Civil Claims for Injuries from Child Abuse and Neglect in California

Updated: Sep 4

Know the civil case you can file for past or current child abuse and negligence.

Child Abuse and Neglect is a particularly distressing topic, mainly because children are often defenseless and highly dependent on adults. If the adults in their lives cause them harm, they likely have so little way out. If a child's parents abuse them, it's hard for them to imagine where else they'll go. If their caretaker or babysitter hurt them, it's their word versus the adult caretakers' who may be able to brush things off as a child's dramatic imagination.

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How to Spot the Signs (As an Adult making Observations)

Child abuse may also be detected by people who have regular contact with the child, such as neighbors, teachers, pediatricians, therapists, or the police. Bruises, bruises, broken bones, and burns — particularly repeated injuries that the child refuses to explain or for which the child gives an unusual explanation — are all signs of child abuse

Poor grooming, an untidy appearance, a lack of weather-appropriate clothes, excessive exhaustion or hunger, repeated illnesses, or school absences are all signs of neglect. Children who are overly withdrawn, afraid, recoil from touch, or show a desire to return home should be given special attention.

Abuse may also be detected by emotional outbursts or inappropriate babyish activity. Many of these symptoms are also indicators of sexual assault. Abnormal shame, insufficient sexual sensitivity, or sexually suggestive conduct are all signs that a child has been sexually abused.

Many of the symptoms listed may be due to something else, such as hyperactivity that leads to impulsive actions, envy or frustration at a new baby in the house, autism spectrum disorder, marital strife in the household, a death in the family, or any number of other factors.

Here's a more simplified checklist:

(Note that these are just common red flags that parents, legal guardians, or friends have noticed in children. One symptom might account for more than one type of abuse, but it's best to look out for them when you're suspicious.)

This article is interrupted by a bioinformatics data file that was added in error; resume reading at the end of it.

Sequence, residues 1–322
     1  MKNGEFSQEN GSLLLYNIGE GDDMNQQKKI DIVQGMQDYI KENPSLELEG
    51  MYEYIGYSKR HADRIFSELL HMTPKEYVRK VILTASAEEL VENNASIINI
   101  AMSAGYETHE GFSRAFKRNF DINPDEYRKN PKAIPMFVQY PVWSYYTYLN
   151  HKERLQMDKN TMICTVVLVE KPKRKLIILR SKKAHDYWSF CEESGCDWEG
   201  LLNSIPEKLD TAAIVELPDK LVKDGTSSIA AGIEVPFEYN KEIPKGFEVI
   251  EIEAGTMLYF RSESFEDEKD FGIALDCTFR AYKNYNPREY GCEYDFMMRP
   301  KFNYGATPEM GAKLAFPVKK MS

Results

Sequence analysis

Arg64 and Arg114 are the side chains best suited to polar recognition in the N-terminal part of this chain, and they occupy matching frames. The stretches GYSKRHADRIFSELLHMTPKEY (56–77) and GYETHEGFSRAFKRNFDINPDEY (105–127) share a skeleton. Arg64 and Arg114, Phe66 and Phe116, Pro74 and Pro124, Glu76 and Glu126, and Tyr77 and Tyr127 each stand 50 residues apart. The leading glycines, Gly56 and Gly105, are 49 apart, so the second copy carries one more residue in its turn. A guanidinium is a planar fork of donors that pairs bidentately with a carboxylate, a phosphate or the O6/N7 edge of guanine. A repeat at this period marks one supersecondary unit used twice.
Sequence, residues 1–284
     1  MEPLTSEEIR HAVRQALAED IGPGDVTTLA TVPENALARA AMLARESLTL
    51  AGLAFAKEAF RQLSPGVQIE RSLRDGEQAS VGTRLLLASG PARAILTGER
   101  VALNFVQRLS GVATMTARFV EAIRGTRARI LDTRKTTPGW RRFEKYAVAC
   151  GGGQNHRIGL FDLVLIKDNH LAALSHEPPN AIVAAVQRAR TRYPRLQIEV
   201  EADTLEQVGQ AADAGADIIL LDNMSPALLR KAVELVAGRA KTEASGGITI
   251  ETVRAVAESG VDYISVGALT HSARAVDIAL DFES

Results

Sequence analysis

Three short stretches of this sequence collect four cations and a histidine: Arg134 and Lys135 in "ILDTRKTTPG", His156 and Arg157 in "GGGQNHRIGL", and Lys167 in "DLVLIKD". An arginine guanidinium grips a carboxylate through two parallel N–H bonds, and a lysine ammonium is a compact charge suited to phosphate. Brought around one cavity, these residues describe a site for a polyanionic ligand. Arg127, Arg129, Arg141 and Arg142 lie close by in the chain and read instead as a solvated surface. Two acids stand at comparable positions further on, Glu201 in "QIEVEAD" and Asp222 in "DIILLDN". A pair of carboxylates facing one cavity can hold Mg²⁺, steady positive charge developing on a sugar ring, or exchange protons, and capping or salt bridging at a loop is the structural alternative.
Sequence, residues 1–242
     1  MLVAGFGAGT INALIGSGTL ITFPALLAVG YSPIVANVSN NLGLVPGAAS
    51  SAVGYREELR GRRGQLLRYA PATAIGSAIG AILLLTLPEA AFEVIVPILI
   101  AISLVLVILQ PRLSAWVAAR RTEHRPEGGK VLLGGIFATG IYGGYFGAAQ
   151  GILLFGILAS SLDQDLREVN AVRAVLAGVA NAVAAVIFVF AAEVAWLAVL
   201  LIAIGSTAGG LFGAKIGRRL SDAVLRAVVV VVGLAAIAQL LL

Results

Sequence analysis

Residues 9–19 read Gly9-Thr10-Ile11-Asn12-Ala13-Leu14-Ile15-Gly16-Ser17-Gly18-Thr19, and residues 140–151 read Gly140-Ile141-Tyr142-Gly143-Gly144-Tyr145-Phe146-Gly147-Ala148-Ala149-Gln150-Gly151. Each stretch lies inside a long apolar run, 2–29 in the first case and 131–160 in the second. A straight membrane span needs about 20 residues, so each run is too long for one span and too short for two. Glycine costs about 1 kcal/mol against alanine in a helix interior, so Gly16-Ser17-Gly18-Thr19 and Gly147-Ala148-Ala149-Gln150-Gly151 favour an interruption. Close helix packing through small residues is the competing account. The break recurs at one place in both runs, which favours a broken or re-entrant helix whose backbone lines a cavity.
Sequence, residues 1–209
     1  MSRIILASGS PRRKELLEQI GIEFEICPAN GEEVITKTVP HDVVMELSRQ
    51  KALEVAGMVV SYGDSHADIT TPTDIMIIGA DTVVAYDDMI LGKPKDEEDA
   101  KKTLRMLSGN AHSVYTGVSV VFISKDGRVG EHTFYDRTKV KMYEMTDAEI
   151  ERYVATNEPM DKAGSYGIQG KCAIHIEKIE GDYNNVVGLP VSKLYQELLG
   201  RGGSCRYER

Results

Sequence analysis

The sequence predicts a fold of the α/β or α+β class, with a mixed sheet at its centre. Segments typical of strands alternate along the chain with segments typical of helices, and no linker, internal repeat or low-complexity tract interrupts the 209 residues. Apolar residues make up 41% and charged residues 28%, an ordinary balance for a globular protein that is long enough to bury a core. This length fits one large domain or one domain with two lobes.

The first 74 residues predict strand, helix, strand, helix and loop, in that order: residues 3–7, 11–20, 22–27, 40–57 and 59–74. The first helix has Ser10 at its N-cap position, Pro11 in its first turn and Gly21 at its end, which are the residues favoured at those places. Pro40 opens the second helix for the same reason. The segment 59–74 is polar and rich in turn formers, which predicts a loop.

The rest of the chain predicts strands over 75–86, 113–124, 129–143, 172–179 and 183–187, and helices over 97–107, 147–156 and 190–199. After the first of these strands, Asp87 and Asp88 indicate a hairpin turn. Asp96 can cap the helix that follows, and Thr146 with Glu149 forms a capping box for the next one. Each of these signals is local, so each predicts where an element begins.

• Unexplained bruising

  • Bruises are explained away by either the child or perpetrator, but some of which are contradictory or missing details

  • Ligature or bite marks, pressure marks from fingers on the face, stomach, or back

  • burns that look suspicious

  • Avoiding returning home (particularly if the abuser is in the family home)

  • Escaping or living at friends' houses on a regular basis

  • Fear of the dark, aversion to going to bed, bedwetting, or nightmares is all common symptoms.

  • Stealing or lying

  • Bad self-image/self-esteem, poor academic performance, and poor peer relationships are low self-esteem signs.

  • Behavior that is secretive, demanding, or destructive.

  • Delay in progress

  • Prone to falling ill

  • A sickly or sallow look/appearance

  • Stealing or hoarding food, abnormally high appetite

  • Unkempt or unhygienic

Whatever the reasons for suspicion, it is never reasonable to presume child abuse and then do nothing about it. It is preferable to take an unnecessary risk than to see a child suffer. Even if a member of your own family perpetrated the abuse, it is still the right thing to do if you think your child has been abused and has sustained physical or psychological harm.

Who Can Be Held Liable?